Clipped from: https://www.thehindubusinessline.com/opinion/editorial/theres-been-a-creeping-erosion-of-central-bank-authority-globally/article66770561.ece
They were supposed to be the controlling authorities but, instead, are very much the controlled authorities now
What’s the biggest but seemingly unsolvable economic problem facing the world today? Like icebergs in the ocean, it’s central banks. Here’s why. Contrary to the myth propagated by the English that they set up the world’s first central bank, it actually came into existence in Sweden in 1669. But it is also true that the English merchants of the City of London defined its traditional function of lending to the sovereign and, if he or she was unable to repay the debt, printing money to pay themselves. That was in 1694 and it was only in 1946 that the Bank of England was nationalised. The Reserve Bank of India (RBI) too had private shareholders and was nationalised in 1949.
Since their inception central banks have evolved very considerably. But their two basic responsibilities assumed in 1694 remain the same. Sadly, since 1971 when the world went off the gold standard, they have been consistently falling down on the job, especially now since 2008. They have neither been able to control sovereign borrowing nor, therefore, control the supply of money. They were supposed to be the controlling authorities but, instead, are very much the controlled authorities now. In fact, they are not even like what the greatest governor of the Bank of England, Montagu Norman, had said the RBI should be like — a “Hindoo wife” who advises the husband, namely, the government, but doesn’t insist beyond a point. But now even that advisory role stands greatly diminished. Central banks, the world over, have become what the late finance minister of India, TT Krishnamachari said in 1958 of the RBI: that it was a “subordinate department” of the finance ministry.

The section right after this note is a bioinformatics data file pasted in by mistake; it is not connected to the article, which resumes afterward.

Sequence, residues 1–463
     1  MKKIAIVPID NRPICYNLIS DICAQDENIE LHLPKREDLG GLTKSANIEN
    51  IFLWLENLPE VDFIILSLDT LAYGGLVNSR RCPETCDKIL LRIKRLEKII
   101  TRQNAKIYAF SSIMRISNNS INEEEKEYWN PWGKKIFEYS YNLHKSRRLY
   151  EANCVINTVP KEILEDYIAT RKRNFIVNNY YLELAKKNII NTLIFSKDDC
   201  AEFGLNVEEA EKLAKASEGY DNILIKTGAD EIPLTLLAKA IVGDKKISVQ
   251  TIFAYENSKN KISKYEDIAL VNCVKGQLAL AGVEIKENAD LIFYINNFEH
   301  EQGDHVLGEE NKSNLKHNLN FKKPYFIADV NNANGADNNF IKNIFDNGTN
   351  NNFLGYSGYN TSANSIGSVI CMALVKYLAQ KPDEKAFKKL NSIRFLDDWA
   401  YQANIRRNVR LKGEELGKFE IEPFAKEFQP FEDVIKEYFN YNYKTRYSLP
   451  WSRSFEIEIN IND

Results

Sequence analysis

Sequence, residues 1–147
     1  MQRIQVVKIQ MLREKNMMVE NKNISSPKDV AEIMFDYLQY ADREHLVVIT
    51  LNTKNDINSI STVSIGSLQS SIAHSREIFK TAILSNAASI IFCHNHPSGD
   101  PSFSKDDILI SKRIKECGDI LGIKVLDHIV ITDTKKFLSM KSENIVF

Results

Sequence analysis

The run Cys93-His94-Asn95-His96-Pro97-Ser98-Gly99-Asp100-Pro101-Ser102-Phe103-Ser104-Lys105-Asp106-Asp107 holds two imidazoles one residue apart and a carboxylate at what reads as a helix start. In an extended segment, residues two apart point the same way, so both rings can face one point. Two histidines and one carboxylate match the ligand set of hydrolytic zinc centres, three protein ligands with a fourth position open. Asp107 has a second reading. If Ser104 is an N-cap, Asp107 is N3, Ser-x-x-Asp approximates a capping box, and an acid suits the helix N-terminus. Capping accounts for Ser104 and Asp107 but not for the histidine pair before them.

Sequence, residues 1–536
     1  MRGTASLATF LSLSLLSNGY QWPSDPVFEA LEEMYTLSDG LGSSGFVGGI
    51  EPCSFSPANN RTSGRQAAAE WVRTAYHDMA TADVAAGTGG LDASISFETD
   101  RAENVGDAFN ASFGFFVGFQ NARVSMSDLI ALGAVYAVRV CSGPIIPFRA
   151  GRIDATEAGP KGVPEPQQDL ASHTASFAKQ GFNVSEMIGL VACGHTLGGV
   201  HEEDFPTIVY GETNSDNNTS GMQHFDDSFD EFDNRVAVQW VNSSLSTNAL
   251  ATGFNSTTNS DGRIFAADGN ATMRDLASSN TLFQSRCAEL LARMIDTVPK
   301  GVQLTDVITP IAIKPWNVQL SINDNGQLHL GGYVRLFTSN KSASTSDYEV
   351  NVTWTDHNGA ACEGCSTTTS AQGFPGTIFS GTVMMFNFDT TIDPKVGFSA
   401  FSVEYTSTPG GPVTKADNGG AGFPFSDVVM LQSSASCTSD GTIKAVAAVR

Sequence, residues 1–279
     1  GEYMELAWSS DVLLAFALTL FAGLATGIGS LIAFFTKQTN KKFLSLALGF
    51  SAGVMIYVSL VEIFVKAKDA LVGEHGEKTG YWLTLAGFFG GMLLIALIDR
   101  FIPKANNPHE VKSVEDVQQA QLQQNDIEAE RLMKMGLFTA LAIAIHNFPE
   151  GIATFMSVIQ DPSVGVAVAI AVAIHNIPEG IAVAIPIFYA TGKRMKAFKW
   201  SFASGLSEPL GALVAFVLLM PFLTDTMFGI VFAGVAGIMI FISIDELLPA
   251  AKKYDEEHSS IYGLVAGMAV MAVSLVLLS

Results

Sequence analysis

It is a long and sad story of creeping erosion of the power of the central banks to say no to governments when they want to borrow in what they think is the public interest. It is the direct consequence of acknowledging sovereign power as being absolute in fiscal matters. That wasn’t so until recently. It’s a new doctrine governing central bank behaviour that makes central banks accomplices in bad fiscal policies. But there are no rewards because the onus of controlling inflation from loose fiscal policies has now been placed on the central banks. But when they raise interest rates — which is all that they can do anyway — the blame for the resulting contraction in economic activity is also placed at their door. It’s a case of heads I win, tails you lose. Talk about whipping boys.
That’s not all. Sovereign borrowing might be the gorilla in the room but there are the bond markets, too, the new masters. Central banks worry about them like a mother worries about a wayward child, always ready to please it. The result has been an increase in waywardness, not a diminution. The more financially open an economy is, the less control the central banks have. This has been formalised as the Taylor Rule to justify weakened central banks who now have an excuse to be derelict in their duty.